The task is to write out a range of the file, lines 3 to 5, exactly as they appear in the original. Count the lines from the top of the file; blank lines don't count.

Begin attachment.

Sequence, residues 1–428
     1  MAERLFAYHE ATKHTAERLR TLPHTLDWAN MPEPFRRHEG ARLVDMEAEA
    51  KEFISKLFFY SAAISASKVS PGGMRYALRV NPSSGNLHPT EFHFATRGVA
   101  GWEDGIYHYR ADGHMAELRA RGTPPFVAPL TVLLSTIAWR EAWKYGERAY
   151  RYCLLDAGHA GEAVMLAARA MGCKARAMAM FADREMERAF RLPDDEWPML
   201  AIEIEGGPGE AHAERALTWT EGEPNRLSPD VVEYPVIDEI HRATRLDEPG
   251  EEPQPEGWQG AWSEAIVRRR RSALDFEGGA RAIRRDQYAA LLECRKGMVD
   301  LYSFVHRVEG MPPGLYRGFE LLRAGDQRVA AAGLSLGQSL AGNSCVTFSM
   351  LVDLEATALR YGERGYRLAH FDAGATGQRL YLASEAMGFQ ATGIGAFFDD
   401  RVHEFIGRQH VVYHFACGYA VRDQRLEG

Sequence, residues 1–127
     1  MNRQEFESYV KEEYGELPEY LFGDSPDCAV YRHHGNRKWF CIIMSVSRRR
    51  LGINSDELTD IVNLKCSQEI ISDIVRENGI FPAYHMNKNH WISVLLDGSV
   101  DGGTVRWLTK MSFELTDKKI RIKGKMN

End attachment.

    51  KEFISKLFFY SAAISASKVS PGGMRYALRV NPSSGNLHPT EFHFATRGVA
   101  GWEDGIYHYR ADGHMAELRA RGTPPFVAPL TVLLSTIAWR EAWKYGERAY
   151  RYCLLDAGHA GEAVMLAARA MGCKARAMAM FADREMERAF RLPDDEWPML